Friday, July 28, 2006
Some Blog-related Fandom Encounters
I had my first run-in with the insanity of blog fans yesterday.
El Tabachnikov swung by my desk, and proceeded to shake his head and say, "Yeah, Sage, I was disappointed with your post." He was referring to the entry, "A History of My First Date".
"Disappointed?" I came back, unbelieving. "You mean, the sweetly wistful reminiscence of my first love? Didn't it strike a chord in you, make you wing backwards in your own memory and put you in touch with your own youthful vulnerability?"
"I guess... a little bit... I was expecting how most of your posts end..."
"You mean, a deviant, or not so deviant sexual encounter?"
"Sure, Tabachnikov, that stuff is great, but there are other facets to the human condition. I'm just trying to explore them, and show that I've got the ability to work in different genres."
We went on to rap about other stuff; the nature of repressive households, the scarcity of chicks at Yeshiva, etc., etc. But in the back of my mind was this nagging pustule of doubt. Should I, in fact, be pandering to the mentality of my readers? Should I tailor what I write to the likes and dislikes of everyone who stumbles across my blog?
Clearly, the answer is no, and yet, geez, I can't stand criticism. Why can't people just accept and appreciate my artisitc endeavours as I do? Why can't they just think I'm the greatest thing since sliced bread and let it go at that. But no, they're like, "why can't you do more X?" where X denotes their particular interest. Remember that kid Road, before she vanished into forgetfulness and obscurity? She loved and worshipped me like one of Jim Jones' followers, yet always wanted me to be "funny". March can't stand anything that involves "words" or "concepts" deeper than that of eating cake. Fresh eviscerated me for using white paper instead of lined. Pog now loves me instead of disagreeing with everything I say, so that's something anyway.
Which brings me, inevitably, to KP. Here's a bloke who'd got a deep and penetrating mind, who thinks about the nooks and crannies of the universe as well as the nooks and crannies of his friday morning bagel. The kid's got moxie. He's got opinions and things to say. But when I ask him to comment on my blog more often, he say's, "It's gotten too popular."
And I'm thinking to myself, popular? Well, strictly speaking, there was a time when just March and KP read the blog. But, inevitably, like blowflies attracted to putrefying flesh*, the blog readership swelled to a good twenty regulars that I'm aware of, and probably a bit more that do not leave any trace of their visitation apart from a stamp in some metering program.
So, if that's popularity, then KP must really enjoy getting in on the ground floor. And then abandoning. He's like the blokes who used to like Green Day but savaged them when people actually liked their music. But I understand KP's rationalizations. He once had me all to himself, and now he must share. And he doesn't like sharing. He balls up his fists and cries out in existential agony, "O Sage, wherefore hast thou forsaken me?"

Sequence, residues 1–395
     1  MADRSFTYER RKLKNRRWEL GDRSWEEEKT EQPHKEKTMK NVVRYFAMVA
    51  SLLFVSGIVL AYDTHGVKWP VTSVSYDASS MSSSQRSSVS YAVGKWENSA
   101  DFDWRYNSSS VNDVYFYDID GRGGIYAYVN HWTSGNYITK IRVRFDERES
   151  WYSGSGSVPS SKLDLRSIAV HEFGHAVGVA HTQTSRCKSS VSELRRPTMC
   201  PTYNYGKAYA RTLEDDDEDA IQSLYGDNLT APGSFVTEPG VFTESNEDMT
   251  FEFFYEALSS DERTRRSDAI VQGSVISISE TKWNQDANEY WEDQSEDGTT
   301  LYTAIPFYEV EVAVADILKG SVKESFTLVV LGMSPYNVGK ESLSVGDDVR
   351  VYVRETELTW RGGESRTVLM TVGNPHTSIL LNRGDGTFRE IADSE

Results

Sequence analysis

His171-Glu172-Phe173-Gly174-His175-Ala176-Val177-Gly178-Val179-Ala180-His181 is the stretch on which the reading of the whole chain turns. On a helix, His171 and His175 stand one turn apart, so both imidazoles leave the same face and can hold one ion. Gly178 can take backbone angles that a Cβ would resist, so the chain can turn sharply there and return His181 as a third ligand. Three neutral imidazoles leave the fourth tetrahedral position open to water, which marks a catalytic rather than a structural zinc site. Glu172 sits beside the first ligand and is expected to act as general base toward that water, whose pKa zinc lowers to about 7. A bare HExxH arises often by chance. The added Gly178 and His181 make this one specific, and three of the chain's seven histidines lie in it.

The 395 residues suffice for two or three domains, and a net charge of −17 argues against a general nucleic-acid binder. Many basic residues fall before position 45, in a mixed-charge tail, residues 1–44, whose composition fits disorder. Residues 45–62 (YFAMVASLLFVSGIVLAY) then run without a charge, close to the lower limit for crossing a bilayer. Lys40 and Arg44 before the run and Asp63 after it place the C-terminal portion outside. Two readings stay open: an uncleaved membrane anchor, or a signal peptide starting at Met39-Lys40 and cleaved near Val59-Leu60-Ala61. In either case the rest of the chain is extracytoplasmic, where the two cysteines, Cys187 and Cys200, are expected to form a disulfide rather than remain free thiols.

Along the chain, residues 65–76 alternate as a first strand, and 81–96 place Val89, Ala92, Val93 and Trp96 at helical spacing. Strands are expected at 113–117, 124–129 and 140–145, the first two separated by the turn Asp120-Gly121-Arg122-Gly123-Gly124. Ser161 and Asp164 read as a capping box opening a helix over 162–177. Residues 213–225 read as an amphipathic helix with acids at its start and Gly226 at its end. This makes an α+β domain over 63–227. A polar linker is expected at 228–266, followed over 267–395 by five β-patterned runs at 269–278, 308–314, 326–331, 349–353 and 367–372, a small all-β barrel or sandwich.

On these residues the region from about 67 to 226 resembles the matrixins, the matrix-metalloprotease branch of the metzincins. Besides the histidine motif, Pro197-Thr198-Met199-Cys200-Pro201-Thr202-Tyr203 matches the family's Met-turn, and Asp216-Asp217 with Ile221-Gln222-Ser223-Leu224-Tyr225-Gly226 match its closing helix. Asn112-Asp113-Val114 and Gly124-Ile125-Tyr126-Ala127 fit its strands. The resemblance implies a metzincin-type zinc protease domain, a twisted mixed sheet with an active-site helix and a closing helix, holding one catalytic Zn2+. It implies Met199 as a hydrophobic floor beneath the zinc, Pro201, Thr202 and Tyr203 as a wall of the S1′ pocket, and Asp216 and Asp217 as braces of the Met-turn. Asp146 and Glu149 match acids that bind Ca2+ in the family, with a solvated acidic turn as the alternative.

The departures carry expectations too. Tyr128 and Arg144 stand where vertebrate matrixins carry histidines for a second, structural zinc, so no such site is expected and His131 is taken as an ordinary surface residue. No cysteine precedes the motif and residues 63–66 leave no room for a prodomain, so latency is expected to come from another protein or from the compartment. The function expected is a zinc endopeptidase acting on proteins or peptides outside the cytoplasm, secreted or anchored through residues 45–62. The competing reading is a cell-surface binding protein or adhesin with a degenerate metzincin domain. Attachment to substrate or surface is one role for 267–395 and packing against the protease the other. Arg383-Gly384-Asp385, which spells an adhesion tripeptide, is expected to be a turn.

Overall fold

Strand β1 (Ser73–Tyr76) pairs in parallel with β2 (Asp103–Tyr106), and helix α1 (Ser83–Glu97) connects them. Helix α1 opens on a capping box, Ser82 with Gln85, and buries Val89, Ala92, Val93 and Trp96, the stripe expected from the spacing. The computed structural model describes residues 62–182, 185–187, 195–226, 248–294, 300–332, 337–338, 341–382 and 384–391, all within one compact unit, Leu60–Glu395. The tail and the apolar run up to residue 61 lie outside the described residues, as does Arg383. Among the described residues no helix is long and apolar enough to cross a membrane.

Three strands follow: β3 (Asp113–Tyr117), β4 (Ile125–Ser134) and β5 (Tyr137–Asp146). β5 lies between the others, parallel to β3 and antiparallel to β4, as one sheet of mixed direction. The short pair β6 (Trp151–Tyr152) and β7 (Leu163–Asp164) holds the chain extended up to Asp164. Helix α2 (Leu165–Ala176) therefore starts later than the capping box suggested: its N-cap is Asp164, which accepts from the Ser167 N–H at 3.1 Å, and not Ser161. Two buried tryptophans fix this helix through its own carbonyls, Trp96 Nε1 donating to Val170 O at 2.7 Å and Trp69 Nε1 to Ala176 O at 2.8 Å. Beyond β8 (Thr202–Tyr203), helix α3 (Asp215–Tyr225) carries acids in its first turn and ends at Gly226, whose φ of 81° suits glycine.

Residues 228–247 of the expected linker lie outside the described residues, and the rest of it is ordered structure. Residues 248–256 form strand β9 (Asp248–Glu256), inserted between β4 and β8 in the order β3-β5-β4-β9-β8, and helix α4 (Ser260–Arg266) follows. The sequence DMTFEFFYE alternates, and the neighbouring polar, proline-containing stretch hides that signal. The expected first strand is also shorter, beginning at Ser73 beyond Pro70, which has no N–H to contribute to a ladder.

And then there's Nobby Burton. Nobs used to work at the desk right next to me, for about four years, in the spot that KP now enjoys. We've rapped about stuff till the cows come home, and know the ins and outs of each other's personality. Nobs knew me way before this blogger stardom thing happened.
It is Nobby's self-appointed duty, and I do mean self-appointed, to keep my ego in check. It all started back when I brought in a tune I had written for him to check out. He was mildly impressed [he's always mildly impressed!], but he still had to describe it as "a bit Teshy." Tesh-like. As in John Tesh, the former entertainment show host who went on to a profitable but artistically vacuous musical career pandering to new-age crystal worshippers.
Now, let me point out that, musically speaking, there's a superficial, but still vastly different, resemblance between the two. They're both mellow. There's a piano in both. But that's it. That's the only similarity. But rather than give me the satisfaction of saying the tune that I created is actually pretty good, he must always ensure that I remember my place in the grand scheme of things.
After each post, he often comes by the desk to give me the benefit of his critiques. The "God" series, where I write dialogues to explore various aspects of the human condition in a witty and irreverent manner, is described by him as "wacky".
"Why don't you write real humour, like Seinfeld or The Office?" he asks me.
"Do you know how hard that is?" I ask him back.
What I write is never good enough for him. I'm like the dutiful son forever trying to win the overbearing father's affection. And Nobby's quite satisfied with that arrangement.
I can only imagine what it must be like to be a real star, or famous person, and have to deal with legions of insane fans. No wonder they end up living in walled compounds with armed guards and dobermans patrolling the perimeter. But for now, it's not so bad. At least people are reading. I'll get the walled compound when and if it becomes necessary.
But if there are any female readers out there that want to sleep with me because of my burgeoning flame, please let me know. I'm sure we can arrange something.